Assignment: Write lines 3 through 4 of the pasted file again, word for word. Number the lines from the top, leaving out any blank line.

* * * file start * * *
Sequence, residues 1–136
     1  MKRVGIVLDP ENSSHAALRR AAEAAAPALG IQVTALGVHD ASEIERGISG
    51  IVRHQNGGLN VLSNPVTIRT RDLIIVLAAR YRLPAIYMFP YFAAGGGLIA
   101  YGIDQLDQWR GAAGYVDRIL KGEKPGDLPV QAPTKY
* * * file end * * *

    51  IVRHQNGGLN VLSNPVTIRT RDLIIVLAAR YRLPAIYMFP YFAAGGGLIA
   101  YGIDQLDQWR GAAGYVDRIL KGEKPGDLPV QAPTKY